Tale of Two Thompsons

Daydreaming and the Creative Pursuit

Last month we moved into a new apartment and I carved out a day to bring my “daydreaming room” to life.

I’ve always wanted a home library or reading room of sorts – a space in the house with a comfy chair by a window to sit and read or write or just be. I asked myself, “Why wait until we have a house or more room? I’ll make better use of our rarely used guest bedroom and turn it into a reading/writing/daydreaming room.”

So, I situated my grandma’s blue tufted rocker by the window, hung curtains and some happy wall art and there you have it. Daydreaming room complete!


This room got me thinking about the importance of daydreaming and having a space to bring your creative ideas to life and people to share them with.

I recently had lunch with my boss and we talked about books we’ve got our noses in. We swapped reading lists and talked a bit about writing and blogging, both of which I enjoy and am passionate about. After our conversation, I thought about how we (the general public) don’t share our dreams and passions with each other near enough.

Saying a dream out loud or sharing your vision with someone else is scary. It makes us feel vulnerable and subjects our ideas to criticism or skepticism, or even scarier, makes them real. When you share your dreams with someone, that person may even hold you accountable and follow up with a, “Hey, how’s that [insert dream] going? Have you made any progress lately?” This question can incite a big nervous gulp from you if you haven’t taken any steps toward achieving your dream. You may even feel silly or foolish for having mentioned it to them in the first place.

I’ll sometimes have thoughts bob around in my head like, “Wouldn’t it be fun and fulfilling to write a book someday? Or be a travel or freelance writer? Or pursue a sport that I’m good at that I currently just play for fun?” I’ll even go as far as jotting down these thoughts, but then I’ll close my journal and they never see the light of day again.

To combat this, I’m sharing some things that I’ve done that might help and inspire you to pursue your dreams more aggressively:

  • Befriend a good listener who encourages you to dream. One of my best friends is an amazing listener and I frequently share my thoughts and dreams with her. I recall one weekend last summer when we went to an ice cream shop and sat outside on the curb in the parking lot, ate our ice cream and talked about dreams of becoming published authors and how fun it’d be to write a children’s book. That conversation was so life-giving and inspiring to me. Find someone who spurs you on in your dreams, no matter how wild they may seem.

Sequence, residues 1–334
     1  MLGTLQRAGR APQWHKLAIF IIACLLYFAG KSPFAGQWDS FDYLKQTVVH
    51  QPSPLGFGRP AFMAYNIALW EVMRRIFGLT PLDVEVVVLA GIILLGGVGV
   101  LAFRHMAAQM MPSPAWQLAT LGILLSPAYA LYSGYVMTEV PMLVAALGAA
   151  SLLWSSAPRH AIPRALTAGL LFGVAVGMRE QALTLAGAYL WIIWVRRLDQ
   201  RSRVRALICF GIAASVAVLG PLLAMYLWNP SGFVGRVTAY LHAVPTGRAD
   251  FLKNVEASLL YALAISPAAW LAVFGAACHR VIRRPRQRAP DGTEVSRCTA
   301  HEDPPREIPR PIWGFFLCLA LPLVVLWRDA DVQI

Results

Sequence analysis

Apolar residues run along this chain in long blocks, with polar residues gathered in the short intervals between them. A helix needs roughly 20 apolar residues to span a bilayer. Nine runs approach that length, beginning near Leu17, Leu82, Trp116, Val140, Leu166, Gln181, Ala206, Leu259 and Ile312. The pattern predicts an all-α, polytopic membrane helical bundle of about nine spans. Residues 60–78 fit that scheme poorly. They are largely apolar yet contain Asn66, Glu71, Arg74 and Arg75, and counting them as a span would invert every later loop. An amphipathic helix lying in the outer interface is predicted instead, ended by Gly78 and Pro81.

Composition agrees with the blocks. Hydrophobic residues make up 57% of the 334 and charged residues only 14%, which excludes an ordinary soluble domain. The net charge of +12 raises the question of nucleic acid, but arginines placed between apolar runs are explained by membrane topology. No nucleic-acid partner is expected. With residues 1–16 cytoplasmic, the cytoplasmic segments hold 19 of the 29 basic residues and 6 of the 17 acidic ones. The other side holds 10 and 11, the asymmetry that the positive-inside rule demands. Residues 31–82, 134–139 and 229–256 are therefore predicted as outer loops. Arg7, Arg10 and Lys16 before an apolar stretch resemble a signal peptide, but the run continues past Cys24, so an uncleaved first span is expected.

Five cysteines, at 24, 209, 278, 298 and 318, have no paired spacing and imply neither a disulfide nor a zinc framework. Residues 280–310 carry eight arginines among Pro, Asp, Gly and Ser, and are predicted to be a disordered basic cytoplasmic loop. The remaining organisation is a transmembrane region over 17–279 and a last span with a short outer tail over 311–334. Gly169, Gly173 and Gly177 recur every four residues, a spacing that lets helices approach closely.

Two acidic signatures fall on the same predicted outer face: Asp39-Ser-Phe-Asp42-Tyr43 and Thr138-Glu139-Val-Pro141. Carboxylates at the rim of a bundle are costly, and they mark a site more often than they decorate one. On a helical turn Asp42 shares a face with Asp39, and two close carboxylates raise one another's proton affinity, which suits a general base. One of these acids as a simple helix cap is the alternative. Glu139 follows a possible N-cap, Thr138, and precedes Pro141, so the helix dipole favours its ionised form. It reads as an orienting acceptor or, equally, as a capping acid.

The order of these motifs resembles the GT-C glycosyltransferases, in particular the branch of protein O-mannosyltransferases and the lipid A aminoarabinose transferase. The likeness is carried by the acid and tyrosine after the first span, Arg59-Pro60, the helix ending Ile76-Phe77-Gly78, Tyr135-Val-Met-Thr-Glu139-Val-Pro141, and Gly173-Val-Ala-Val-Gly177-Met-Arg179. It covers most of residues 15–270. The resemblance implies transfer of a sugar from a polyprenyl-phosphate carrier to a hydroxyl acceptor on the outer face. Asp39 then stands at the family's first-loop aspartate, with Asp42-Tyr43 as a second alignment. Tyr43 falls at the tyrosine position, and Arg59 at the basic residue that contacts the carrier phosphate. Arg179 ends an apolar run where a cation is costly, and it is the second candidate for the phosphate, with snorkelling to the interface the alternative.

• Keep a journal or notebook on you at all times or even a note in your phone to collect your brilliant ideas, fleeting thoughts, hefty goals or a quote you stumbled upon that’s too good not to keep for future inspiration. Keeping a journal or a daily planner with lots of white space is a great way to invite creativity into your day, even if it’s just taking a couple minutes to doodle or jot down a random thought.
  • Create, don’t imitate. I read an article by The Minimalists that said basically this: “We’re so caught up in our consumeristic mindset we forget our inherent need to create.” For me, this means if I’m scrolling through Instagram or Pinterest in search of a creative spark (home design, recipes, crafts) I might never create something authentic because I will be imitating someone else’s idea of beauty. The same good-listener-ice-cream-eater friend who encourages me to dream big once told me that a musician she listens to once said in an interview that when he’s working on a new album he won’t listen to other music because he’ll subconsciously imitate that person’s sound rather than creating something all his own. So, what ways can I (you, we) hone our craft(s) and contribute our gifts to the world? Maybe it means abstaining from social media for a bit so that you won’t compare your creativity to someone else’s. Yes, social media and Pinterest are fantastic starting points to get inspired, but they should not be the standard to which we create. Don’t copy and paste. Remember, create, don’t imitate. This is what I’m preaching to myself.

On the show Parks and Rec, I remember an episode where Jerry told Tom, “Weekends are for dreaming.” I’ve never forgotten that quote and it actually makes me kind of sad. Although it was meant to be funny, how true is that in our lives? We “live for the weekend” and reserve a mere two days out of the entire week to pursue our hobbies that bring us joy we should be experiencing the other five days of the week as well. I don’t want to live this way. Let’s not limit our dreams to where they only come out to play on the weekends. Don’t be like Jerry.

So, 1) Share your dream with someone today, 2) Write it down, and 3) Take the first step to bring it to life and make it your own. Consider this permission to dream big!

Above all else, remember “Everyone is talented, original and has something important to say.” – Brenda Ueland

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